1,486,873

END

15 April 2021 - NW893

Profile picture: Hlengwa, Ms MD

Hlengwa, Ms MD to ask the Minister of Health

(1)Whether, with reference to the administration of the first batch of vaccines (details furnished), he has been engaging with the medical aid companies, particularly those whose apparent current stance is that they do not carry liability in law for side effects and adverse effects of medicine administration and this would apply to the vaccine on the same basis; if not, why not; if so, what are the relevant details; (2) whether members of medical aid schemes qualify for medical care for conditions that are a result of vaccine side-effects; if not, why not; if so, (3) what is his department’s position with regard to the no-fault compensation fund mentioned by the Finance Minister in his recent Budget Speech?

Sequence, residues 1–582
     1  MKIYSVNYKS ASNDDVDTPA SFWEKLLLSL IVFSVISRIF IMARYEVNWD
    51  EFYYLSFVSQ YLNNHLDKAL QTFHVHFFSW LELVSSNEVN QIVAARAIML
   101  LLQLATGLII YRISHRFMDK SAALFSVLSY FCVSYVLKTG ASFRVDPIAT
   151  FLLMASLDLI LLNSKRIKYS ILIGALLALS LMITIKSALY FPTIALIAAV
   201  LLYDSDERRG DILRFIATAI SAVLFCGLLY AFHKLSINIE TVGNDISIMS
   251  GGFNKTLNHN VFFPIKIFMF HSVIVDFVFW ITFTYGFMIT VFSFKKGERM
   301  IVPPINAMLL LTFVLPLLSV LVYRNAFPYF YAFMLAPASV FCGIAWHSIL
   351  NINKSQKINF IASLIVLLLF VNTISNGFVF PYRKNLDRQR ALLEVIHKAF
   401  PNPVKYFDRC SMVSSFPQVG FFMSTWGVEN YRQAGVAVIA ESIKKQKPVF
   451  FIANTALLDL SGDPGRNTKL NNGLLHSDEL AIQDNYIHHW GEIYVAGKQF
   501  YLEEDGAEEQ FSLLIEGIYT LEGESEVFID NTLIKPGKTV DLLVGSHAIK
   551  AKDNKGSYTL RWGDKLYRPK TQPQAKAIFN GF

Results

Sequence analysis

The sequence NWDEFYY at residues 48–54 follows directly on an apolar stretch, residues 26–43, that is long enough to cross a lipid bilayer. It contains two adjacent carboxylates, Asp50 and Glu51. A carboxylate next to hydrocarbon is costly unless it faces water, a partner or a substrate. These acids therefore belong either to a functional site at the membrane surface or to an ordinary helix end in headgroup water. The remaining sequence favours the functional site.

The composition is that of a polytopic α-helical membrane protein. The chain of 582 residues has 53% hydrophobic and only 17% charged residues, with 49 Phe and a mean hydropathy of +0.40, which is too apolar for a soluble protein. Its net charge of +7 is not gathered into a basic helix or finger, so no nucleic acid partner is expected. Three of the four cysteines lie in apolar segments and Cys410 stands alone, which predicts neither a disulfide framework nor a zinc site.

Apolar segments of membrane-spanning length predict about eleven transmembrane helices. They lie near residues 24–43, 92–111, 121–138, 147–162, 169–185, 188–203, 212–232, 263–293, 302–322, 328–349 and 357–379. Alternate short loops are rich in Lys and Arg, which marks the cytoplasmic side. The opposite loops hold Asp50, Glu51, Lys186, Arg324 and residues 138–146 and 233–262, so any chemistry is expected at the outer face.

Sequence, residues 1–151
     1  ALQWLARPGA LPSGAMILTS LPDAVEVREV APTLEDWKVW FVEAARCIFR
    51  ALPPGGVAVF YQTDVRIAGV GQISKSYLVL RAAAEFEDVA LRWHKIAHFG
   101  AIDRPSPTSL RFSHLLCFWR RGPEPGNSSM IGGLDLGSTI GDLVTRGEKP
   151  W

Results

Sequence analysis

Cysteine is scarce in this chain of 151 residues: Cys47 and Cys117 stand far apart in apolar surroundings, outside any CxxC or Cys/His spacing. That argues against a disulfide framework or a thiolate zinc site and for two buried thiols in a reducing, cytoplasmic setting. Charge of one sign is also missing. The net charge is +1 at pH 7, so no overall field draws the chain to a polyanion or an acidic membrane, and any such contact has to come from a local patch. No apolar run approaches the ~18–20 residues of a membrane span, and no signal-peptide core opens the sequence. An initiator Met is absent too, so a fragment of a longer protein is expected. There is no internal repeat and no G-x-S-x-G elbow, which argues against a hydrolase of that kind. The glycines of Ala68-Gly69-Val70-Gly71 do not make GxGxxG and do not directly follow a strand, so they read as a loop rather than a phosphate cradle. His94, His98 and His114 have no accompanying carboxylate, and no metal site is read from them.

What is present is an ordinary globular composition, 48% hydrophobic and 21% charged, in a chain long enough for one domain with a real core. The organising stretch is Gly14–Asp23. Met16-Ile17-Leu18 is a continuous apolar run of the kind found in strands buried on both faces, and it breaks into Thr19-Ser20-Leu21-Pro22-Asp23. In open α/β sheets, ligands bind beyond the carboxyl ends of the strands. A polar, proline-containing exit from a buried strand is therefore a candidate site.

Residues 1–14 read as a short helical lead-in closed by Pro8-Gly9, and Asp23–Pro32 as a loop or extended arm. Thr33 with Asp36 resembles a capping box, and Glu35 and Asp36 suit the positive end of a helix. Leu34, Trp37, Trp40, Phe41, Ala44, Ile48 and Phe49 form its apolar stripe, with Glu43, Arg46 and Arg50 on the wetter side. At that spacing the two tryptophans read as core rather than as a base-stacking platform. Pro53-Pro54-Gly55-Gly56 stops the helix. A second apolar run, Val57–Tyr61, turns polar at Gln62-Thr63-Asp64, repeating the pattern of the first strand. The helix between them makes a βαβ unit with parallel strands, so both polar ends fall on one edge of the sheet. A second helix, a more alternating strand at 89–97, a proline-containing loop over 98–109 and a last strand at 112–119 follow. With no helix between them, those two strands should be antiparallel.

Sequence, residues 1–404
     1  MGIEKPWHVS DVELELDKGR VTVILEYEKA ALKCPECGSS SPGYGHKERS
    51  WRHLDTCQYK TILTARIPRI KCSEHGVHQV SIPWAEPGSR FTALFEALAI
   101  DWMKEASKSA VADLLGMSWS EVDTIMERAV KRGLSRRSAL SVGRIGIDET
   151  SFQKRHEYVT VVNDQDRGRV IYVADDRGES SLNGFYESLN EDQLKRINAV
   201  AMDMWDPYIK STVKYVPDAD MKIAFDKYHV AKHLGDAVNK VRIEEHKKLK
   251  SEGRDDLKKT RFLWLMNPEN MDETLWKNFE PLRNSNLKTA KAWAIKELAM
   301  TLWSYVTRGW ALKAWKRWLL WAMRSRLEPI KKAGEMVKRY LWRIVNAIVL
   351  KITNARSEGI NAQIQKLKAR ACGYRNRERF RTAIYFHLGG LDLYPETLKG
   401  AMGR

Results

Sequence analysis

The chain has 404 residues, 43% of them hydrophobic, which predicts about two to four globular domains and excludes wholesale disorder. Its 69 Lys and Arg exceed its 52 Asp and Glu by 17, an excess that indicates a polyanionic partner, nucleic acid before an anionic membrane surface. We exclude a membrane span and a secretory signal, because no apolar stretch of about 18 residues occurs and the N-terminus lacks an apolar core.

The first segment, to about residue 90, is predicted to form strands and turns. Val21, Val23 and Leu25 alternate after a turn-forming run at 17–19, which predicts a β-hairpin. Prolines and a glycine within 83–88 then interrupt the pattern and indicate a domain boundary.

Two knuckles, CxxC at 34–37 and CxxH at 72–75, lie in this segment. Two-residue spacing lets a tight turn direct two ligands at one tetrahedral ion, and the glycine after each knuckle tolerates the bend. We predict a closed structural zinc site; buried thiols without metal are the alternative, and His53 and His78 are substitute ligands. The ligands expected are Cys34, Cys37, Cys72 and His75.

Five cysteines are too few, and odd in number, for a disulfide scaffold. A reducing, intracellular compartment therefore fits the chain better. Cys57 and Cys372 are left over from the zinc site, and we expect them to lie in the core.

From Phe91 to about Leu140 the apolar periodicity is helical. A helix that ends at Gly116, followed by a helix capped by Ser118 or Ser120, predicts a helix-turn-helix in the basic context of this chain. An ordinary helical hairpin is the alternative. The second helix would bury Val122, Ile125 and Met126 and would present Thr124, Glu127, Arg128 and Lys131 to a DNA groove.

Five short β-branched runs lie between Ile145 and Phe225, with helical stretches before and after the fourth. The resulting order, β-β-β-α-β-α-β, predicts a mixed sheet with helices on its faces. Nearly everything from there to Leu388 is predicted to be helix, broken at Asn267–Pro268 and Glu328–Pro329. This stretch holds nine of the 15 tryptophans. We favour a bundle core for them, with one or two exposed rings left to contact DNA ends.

Reply:

1. The engagements with the medical schemes industry have been coordinated and managed by the Council for Medical Schemes (CMS), which is the body mandated with oversight of the industry as per the provisions of the Medical Schemes Act (No. 131 of 1998). One of the core provisions of the Act is the need for all medical schemes to cover Prescribed Minimum Benefits (PMBs), except for those that have applied and qualified for specific exemptions. By definition, PMBs are a set of predefined conditions which, anyone who is part of a medical scheme, no matter what benefit option they are on, can receive treatment for 270 hospital-based and 25 chronic conditions, and the price of these will be covered in full. The aim of PMB cover is to ensure that the wellbeing and health of South African medical scheme members is safeguarded, and that private healthcare is more affordable. PMBs also cover any kind of emergency treatment and include certain out-of-hospital treatments.